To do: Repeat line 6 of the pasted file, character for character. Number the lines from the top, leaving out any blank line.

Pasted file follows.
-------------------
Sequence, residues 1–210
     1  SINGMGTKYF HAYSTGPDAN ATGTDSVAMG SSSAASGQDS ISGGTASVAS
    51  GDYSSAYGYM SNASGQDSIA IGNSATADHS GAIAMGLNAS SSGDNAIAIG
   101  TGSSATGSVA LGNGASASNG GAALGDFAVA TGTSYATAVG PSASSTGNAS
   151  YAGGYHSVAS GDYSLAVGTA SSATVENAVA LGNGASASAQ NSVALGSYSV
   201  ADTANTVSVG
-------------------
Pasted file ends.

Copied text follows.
   201  ADTANTVSVG